What are your legal rights if your partner dies without a Will?
If you find yourself in a situation where your partner dies without a Will, then the rules of intestacy will be applied to your case. This takes into consideration the provisions for a surviving spouse or civil partner and surviving children. For individuals who are unmarried cohabiting couples do not have the same automatic rights of inheritance.
If an unmarried couple has a property in joint names and there is no Will, the property will most likely go to the surviving partner, and the same applies to bank accounts. If there are children in the equation or you were financially dependent on your partner, then it is possible to apply to the court- this will be under the Inheritance Act (Provision for Family and Dependants) 1975, this is also known as an "Inheritance Act Claim".
You could be entitled to make a claim under the 1735 Act under the following conditions:
- If your partner died without a Will (intestate)
- If your partner left a Will but did not adequately provide for you or your children
In this way, you can safely ensure that your loved ones are protected, and you can do this by putting in place a correctly drafted Will or setting up a trust fund.
What happens if we have children together? Am I automatically entitled to my partner's estate?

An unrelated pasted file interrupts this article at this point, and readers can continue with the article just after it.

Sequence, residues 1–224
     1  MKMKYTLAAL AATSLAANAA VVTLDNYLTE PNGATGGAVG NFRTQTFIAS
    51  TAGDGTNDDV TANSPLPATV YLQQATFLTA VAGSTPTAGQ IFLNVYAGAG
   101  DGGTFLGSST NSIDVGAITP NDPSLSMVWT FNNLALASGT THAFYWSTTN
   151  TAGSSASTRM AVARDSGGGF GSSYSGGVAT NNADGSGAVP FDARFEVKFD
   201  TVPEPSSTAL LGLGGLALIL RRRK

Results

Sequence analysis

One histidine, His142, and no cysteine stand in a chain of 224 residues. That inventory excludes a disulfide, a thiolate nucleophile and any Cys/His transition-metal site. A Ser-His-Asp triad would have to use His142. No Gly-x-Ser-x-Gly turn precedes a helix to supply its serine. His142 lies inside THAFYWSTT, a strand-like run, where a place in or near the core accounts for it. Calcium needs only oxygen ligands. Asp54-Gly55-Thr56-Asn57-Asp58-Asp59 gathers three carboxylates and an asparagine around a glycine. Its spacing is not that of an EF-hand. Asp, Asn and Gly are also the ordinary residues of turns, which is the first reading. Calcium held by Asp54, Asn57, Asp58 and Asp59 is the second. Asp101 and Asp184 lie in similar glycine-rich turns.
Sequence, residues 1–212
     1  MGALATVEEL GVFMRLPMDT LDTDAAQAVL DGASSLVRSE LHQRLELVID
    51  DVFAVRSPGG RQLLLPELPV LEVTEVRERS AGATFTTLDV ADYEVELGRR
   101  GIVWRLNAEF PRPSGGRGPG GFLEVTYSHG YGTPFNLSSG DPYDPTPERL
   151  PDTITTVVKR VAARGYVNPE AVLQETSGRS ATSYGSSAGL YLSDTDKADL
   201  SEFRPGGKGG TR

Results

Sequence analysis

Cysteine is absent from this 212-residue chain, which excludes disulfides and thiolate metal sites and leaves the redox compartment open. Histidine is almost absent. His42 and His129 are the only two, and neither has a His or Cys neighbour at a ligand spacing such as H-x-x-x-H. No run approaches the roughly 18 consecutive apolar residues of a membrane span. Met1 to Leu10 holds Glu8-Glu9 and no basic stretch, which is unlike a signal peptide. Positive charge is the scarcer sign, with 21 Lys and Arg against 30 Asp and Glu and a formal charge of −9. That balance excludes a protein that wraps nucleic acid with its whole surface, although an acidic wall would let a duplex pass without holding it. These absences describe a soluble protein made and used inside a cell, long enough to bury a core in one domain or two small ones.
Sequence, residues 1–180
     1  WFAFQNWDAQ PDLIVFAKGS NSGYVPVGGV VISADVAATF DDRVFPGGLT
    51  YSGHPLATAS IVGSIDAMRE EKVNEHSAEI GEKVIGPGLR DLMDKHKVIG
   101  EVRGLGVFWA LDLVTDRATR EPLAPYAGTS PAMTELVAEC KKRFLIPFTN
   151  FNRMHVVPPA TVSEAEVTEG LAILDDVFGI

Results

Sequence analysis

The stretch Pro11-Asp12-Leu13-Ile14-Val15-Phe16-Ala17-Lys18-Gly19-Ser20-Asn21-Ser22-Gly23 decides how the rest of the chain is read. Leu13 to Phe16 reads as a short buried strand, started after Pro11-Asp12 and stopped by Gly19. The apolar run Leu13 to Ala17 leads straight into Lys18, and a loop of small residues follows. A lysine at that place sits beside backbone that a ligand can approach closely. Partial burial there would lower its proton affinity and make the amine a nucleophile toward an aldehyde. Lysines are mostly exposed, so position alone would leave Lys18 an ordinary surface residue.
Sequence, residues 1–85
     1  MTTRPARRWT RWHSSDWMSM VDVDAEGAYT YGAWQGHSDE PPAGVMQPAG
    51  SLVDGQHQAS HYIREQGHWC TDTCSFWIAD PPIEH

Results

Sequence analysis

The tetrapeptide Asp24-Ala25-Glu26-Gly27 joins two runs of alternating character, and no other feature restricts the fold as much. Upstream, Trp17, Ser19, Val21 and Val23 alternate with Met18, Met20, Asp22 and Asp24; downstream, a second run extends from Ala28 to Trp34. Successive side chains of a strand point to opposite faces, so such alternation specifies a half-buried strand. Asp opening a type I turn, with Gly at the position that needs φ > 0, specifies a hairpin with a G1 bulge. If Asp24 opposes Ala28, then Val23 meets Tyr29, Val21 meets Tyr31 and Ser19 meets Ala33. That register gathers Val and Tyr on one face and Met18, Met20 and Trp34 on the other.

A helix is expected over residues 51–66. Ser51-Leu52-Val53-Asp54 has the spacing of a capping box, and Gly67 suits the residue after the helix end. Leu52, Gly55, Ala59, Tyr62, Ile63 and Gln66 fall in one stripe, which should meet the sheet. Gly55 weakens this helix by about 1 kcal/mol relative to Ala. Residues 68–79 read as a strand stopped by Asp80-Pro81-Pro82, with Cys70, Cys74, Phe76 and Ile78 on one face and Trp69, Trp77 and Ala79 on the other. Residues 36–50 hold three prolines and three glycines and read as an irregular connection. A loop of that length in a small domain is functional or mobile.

A common misconception is that something called 'common law marriage' can protect those who have been living together for a long time. However, this is false. While unmarried and cohabiting partners do have the legal right to claim their partner's estate if they have been living together for more than two years, the process can be a complex one.
You will not be entitled to an estate if your partner has not left a Will that names you as a beneficiary or has died without leaving a Will in place. If you and your partner have children together, and your partner dies without a Will, the Rules of Intestacy would highlight that their inheritance goes to their closest living blood relative; they will recognise them as your partner's next of kin. If you are an unmarried couple, it is important to make a Will to protect each other and help to avoid the stress, time and costs that could be included in claiming against an estate.
The experienced solicitors at Russell & Russell will be able to help you if you have any concerns or are not sure about where you stand with regard to the legality of things.
Russell & Russell Wills and Wills Accreditation
The solicitors at Russell & Russell are one of the very few in the locality of solicitors who have been re-accredited with the Wills & Inheritance Accreditation from the Law Society. This is exciting news for our team as the Wills and Inheritance Quality Scheme (WIQS) accreditation is regarded as the best quality mark for Wills and Estate Administration advice. We are pleased to share this as it supports the notion that the effort that we put into the work we do and the support we provide to our clients is being recognised.